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Office Graph is intended to connect users working on relevant projects, using machine learning algorythms and ingesting vast quantities of data

Office Graph is intended to connect users working on relevant projects, using machine learning algorithms and ingesting vast quantities of data

Redmond-based software giant Microsoft bolstered big data, machine learning and mobile capabilities in its flagship productivity offerings at the annual Sharepoint conference this week. Microsoft’s message is clear: contextual awareness, integration and collaboration, rather than the traditional siloed model of working, is the productivity style of tomorrow’s workplace.

Microsoft announced a slew of new technologies on Monday for its Office 365 offering including new APIs, a much-improved mobile SDK and embedded collaboration features throughout the suite.

But the company also previewed new Office features that it hopes will help keep the company ahead of rivals in the productivity apps space, including Google.

Microsoft said it wants to help professionals spend less time looking for people working on similar projects across an organisation, and to that end it introduced Office Graph, a project previously codenamed ‘Oslo’.

It’s pitching Office Graph as an “intelligent fabric” working away in the background, constantly analysing each user’s activity to deliver insights or updates on what other relevant activity is going on around them, which may resonate with users in predominately large enterprises.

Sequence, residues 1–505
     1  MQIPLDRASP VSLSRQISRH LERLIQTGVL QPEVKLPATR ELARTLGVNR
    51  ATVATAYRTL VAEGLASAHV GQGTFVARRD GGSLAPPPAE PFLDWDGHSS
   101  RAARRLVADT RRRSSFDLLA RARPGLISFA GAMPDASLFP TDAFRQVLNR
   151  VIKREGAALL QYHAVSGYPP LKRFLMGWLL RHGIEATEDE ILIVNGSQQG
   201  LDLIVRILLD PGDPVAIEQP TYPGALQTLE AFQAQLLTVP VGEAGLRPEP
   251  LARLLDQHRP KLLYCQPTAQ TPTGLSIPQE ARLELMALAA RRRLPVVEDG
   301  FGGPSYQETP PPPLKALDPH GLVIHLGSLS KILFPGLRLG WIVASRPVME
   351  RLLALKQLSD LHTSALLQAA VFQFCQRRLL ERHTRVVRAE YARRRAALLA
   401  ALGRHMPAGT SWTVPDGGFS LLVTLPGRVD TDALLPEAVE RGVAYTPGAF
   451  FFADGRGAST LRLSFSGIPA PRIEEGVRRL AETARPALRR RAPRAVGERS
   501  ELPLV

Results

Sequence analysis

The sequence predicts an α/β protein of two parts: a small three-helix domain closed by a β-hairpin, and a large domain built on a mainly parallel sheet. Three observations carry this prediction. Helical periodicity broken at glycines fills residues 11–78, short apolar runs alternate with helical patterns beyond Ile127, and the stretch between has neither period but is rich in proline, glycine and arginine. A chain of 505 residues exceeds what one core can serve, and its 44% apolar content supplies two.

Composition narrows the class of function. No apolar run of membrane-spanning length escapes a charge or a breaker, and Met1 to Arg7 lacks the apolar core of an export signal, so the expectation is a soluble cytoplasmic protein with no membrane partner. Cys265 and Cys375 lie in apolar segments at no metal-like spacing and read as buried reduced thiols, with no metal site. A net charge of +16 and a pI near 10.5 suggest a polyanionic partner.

“It uses personal interactions and machine learning to surface a view of the most relevant, timely information for each individual using Office 365 across SharePoint, Exchange, Lync, Yammer and Office,” the company said.

In a bid to improve collaboration across organisations the company also introduced Groups, which builds on capabilities already found in its enterprise social networking application Yammer. It essentially embeds new collaborative features in every Office application, rather than in a standalone application.

“Today, the world has become a giant network where connections make information more relevant and people more productive,” said Jeff Teper, corporate vice president of office service and servers group at Microsoft.

“Most companies, however, are not working like a network, which we believe is vital for their ability to improve collaboration and respond to customers, competition and market changes,” he said.

Teper explained that businesses need to flatten the information flow in order to work better together, which means being informed about what others in the organisation are doing, and when possible probing opportunities for collaboration with those who are working on relevant projects or items.

“We believe this is the start of something game-changing—building digital memory across applications to create a highly personalized experience that helps people get more done,” he added.

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